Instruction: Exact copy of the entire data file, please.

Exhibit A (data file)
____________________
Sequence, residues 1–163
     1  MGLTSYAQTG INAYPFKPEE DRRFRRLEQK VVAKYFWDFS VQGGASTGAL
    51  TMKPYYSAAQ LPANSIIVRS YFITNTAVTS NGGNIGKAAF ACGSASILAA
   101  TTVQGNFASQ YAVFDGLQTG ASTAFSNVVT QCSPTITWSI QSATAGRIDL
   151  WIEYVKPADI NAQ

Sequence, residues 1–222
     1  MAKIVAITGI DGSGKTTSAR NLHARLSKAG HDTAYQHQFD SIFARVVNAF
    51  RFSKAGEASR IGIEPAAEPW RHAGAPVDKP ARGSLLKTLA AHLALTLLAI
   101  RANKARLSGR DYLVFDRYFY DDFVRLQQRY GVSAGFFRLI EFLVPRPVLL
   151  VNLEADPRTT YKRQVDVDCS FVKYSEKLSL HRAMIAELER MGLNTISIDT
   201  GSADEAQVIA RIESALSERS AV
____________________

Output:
Sequence, residues 1–163
     1  MGLTSYAQTG INAYPFKPEE DRRFRRLEQK VVAKYFWDFS VQGGASTGAL
    51  TMKPYYSAAQ LPANSIIVRS YFITNTAVTS NGGNIGKAAF ACGSASILAA
   101  TTVQGNFASQ YAVFDGLQTG ASTAFSNVVT QCSPTITWSI QSATAGRIDL
   151  WIEYVKPADI NAQ

Sequence, residues 1–222
     1  MAKIVAITGI DGSGKTTSAR NLHARLSKAG HDTAYQHQFD SIFARVVNAF
    51  RFSKAGEASR IGIEPAAEPW RHAGAPVDKP ARGSLLKTLA AHLALTLLAI
   101  RANKARLSGR DYLVFDRYFY DDFVRLQQRY GVSAGFFRLI EFLVPRPVLL
   151  VNLEADPRTT YKRQVDVDCS FVKYSEKLSL HRAMIAELER MGLNTISIDT
   201  GSADEAQVIA RIESALSERS AV